AT&T offered Wi-Fi calling in iOS 9 beta, but removed the feature as it did not comply with FCC's regulations that mandated teletypewriter support (TTY) for the hearing-impaired. The carrier has obtained a waiver that allows it to roll out Wi-Fi calling using a newer form of accessibility service called real-time text (RTT).

While announcing the news, AT&T also challenged T-Mobile and Sprint, stating that they did not seek out a waiver for lack of TTY support in their implementation of Wi-Fi calling:

We're grateful the FCC has granted AT&T's waiver request so we can begin providing Wi-Fi calling. At the same time we are left scratching our heads as to why the FCC still seems intent on excusing the behavior of T-Mobile and Sprint, who have been offering these services without a waiver for quite some time. Instead of initiating enforcement action against them, or at least opening an investigation, the agency has effectively invited them to now apply for similar waivers and implied that their prior flaunting of FCC rules will be ignored. This is exactly what we meant when our letter spoke of concerns about asymmetric regulation.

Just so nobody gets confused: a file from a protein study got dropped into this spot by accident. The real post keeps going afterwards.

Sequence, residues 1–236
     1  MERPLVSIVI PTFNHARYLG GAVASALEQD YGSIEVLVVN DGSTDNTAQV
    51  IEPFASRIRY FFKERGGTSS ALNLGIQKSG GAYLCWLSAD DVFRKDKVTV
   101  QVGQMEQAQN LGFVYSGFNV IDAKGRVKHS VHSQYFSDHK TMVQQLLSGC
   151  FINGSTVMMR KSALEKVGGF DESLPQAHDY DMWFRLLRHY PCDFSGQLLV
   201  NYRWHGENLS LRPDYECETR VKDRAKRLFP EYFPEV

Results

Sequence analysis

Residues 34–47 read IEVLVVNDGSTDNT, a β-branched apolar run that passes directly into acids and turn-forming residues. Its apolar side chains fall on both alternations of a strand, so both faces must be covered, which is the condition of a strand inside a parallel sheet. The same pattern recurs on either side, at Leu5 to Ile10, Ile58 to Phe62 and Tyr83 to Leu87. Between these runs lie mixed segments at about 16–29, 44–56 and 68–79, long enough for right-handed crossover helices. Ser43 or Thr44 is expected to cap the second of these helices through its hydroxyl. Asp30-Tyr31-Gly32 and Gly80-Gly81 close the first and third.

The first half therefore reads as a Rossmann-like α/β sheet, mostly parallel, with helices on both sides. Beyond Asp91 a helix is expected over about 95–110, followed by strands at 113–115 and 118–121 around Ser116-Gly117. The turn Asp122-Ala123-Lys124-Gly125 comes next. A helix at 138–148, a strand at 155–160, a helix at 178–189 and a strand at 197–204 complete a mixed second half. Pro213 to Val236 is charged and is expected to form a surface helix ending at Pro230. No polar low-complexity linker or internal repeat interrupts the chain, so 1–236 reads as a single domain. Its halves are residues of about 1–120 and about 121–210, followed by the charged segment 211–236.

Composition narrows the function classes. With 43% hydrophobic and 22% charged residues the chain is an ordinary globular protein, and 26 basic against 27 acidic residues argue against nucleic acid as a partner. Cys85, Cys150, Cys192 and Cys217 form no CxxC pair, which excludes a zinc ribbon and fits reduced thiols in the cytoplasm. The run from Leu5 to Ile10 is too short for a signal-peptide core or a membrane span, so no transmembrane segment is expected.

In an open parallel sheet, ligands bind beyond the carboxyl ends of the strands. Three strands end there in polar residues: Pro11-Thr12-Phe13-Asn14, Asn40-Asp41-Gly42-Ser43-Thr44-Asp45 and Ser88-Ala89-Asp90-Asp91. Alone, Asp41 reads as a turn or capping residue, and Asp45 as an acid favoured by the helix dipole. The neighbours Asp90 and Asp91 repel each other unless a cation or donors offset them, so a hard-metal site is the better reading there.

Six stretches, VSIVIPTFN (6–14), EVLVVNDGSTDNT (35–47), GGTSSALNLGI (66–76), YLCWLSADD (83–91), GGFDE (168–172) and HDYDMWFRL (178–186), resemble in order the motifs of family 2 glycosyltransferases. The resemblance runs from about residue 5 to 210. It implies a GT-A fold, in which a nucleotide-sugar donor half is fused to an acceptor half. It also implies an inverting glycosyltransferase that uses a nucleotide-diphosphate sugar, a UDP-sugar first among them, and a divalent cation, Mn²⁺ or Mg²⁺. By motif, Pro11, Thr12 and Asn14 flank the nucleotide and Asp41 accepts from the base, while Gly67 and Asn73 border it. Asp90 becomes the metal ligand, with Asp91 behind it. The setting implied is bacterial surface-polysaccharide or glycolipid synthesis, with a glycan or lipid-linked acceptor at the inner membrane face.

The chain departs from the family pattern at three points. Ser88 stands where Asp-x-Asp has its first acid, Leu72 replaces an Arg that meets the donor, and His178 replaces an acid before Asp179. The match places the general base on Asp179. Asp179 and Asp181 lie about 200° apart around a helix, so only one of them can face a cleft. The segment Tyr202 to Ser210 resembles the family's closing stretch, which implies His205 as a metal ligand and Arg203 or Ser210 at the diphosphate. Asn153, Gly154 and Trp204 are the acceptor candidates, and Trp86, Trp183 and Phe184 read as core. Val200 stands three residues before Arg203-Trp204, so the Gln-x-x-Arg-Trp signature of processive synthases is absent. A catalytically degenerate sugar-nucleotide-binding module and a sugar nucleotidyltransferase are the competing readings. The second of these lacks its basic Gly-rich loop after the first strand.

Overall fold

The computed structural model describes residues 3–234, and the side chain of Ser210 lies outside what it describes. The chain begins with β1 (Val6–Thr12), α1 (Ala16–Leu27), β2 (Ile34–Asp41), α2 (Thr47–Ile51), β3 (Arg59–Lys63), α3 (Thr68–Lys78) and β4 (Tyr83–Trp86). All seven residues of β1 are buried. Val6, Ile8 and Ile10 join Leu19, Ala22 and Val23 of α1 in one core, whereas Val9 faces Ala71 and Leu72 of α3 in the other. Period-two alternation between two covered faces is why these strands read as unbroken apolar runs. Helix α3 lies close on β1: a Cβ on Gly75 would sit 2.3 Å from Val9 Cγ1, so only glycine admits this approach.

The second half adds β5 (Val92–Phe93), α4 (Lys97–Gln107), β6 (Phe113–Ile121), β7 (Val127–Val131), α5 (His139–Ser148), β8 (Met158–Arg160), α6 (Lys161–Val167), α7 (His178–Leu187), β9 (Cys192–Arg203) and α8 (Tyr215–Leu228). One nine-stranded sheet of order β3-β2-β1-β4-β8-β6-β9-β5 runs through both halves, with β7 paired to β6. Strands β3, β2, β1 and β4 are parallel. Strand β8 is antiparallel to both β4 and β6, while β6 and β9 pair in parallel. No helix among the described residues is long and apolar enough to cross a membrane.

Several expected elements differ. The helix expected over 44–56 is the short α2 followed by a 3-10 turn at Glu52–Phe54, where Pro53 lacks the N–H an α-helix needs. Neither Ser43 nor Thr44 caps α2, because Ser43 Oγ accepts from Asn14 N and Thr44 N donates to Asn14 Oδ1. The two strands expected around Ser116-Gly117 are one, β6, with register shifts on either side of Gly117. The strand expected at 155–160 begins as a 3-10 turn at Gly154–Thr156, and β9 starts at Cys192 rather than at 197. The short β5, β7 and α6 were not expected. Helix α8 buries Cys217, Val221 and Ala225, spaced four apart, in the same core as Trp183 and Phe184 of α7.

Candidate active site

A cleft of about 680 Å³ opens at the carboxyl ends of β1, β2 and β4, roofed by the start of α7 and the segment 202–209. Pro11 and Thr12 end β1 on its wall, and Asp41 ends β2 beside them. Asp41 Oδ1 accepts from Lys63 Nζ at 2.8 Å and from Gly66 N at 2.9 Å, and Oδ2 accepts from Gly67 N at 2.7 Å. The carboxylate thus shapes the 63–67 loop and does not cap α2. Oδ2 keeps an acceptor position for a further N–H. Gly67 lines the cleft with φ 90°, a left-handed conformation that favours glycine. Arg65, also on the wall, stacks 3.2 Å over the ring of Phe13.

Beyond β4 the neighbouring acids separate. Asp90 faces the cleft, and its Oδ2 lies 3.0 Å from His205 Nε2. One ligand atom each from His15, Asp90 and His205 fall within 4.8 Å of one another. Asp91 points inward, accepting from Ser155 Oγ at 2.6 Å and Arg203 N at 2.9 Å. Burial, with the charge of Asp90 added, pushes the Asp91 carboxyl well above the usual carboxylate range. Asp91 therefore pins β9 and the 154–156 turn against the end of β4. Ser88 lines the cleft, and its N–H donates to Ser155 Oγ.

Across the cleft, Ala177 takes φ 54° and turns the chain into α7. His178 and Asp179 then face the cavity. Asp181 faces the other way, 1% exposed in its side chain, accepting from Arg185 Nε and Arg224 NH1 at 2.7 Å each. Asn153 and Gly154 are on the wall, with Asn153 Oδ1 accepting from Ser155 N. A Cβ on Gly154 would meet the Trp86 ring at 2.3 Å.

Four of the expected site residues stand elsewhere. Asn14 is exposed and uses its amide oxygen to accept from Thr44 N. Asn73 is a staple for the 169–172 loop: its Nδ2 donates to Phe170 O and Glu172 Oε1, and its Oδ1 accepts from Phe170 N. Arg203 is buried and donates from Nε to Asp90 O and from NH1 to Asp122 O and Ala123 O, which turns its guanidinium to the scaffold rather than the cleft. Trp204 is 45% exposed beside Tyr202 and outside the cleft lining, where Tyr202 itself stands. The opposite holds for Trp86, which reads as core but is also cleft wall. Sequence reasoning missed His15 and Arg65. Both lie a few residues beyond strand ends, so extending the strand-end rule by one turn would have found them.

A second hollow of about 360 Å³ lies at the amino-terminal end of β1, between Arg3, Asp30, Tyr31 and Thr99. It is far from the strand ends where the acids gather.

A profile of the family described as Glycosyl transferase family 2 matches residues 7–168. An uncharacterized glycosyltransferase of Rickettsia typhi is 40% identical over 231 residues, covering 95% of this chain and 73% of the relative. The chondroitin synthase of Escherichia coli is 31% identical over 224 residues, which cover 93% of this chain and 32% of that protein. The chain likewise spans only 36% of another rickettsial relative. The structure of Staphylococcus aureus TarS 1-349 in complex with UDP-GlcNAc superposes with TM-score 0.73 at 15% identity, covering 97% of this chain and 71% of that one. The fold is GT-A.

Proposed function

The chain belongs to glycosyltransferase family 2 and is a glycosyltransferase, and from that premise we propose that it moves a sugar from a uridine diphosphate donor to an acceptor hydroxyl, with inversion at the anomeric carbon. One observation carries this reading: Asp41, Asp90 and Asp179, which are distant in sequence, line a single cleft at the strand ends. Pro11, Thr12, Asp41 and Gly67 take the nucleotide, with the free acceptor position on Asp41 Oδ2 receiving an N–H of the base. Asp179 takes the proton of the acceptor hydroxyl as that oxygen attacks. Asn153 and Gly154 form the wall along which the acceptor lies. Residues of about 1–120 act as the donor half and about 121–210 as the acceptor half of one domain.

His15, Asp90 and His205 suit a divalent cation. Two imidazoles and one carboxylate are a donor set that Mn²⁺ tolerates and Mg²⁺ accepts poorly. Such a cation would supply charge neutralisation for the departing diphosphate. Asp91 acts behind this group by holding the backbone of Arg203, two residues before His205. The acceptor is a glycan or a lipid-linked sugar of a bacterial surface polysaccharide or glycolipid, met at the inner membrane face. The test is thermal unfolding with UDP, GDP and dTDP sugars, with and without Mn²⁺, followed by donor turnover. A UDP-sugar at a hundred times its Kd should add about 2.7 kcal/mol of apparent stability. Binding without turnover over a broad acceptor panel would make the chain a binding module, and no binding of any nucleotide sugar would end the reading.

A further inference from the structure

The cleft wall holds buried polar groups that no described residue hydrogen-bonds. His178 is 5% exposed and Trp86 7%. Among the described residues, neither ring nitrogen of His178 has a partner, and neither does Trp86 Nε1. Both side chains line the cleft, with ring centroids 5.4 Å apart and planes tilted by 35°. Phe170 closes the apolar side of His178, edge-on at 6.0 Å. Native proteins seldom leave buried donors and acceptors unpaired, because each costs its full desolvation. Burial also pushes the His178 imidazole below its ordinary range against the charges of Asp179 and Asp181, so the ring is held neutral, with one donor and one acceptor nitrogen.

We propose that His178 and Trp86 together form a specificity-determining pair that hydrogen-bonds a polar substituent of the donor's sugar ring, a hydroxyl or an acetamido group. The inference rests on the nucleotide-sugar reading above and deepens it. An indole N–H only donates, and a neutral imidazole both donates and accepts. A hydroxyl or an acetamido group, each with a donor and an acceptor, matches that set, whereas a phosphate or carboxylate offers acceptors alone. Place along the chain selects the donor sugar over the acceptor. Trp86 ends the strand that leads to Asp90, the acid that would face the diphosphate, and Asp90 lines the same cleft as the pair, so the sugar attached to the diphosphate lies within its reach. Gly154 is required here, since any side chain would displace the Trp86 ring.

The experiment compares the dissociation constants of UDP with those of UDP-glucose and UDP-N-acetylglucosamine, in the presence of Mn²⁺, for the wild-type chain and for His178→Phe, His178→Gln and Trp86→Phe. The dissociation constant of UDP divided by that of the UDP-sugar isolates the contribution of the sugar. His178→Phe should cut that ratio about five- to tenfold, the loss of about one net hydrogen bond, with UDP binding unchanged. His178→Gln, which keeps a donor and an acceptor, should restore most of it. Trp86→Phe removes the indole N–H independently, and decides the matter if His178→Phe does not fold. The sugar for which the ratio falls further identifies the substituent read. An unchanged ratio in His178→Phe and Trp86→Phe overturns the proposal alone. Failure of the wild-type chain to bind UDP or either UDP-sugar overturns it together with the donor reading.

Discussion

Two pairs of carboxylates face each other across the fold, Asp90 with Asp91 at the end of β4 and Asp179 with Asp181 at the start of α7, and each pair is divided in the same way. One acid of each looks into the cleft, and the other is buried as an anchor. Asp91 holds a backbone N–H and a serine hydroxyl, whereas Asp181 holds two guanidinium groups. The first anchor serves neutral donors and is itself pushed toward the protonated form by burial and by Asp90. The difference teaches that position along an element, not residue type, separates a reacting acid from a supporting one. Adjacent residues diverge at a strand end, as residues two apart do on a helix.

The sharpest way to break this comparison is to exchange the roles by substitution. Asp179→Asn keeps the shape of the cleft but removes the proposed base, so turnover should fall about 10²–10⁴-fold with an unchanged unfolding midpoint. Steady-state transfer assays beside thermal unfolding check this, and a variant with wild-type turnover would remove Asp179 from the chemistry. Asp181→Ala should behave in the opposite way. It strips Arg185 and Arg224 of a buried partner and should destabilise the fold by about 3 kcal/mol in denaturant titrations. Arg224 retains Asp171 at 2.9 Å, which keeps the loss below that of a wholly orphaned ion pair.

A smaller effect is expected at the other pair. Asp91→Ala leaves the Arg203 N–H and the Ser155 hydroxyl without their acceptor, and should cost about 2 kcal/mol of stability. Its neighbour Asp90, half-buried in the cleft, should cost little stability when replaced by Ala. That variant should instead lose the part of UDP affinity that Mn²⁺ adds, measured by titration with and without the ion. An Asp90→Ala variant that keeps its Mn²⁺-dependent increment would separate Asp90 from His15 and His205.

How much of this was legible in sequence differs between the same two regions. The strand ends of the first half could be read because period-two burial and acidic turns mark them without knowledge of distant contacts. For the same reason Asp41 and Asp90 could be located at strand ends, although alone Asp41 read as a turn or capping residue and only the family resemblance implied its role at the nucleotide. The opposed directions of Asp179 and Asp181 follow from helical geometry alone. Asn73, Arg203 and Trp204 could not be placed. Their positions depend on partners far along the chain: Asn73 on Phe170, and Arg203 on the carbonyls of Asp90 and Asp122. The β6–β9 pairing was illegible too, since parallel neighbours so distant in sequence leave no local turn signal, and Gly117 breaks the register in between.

We'll let you know once AT&T announces a specific date for the rollout.

Source: AT&T, FCC; Via: Engadget